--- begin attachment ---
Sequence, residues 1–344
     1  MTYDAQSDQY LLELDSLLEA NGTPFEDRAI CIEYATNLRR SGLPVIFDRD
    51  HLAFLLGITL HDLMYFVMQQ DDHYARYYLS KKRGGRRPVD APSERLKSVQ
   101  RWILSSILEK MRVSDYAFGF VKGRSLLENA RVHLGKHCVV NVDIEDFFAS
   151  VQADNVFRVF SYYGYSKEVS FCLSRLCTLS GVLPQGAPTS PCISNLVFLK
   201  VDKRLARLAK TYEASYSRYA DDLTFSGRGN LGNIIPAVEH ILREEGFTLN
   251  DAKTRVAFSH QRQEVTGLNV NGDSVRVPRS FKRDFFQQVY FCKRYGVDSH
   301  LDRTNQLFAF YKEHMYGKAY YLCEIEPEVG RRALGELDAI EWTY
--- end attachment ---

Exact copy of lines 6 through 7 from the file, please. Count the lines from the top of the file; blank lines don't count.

   201  VDKRLARLAK TYEASYSRYA DDLTFSGRGN LGNIIPAVEH ILREEGFTLN
   251  DAKTRVAFSH QRQEVTGLNV NGDSVRVPRS FKRDFFQQVY FCKRYGVDSH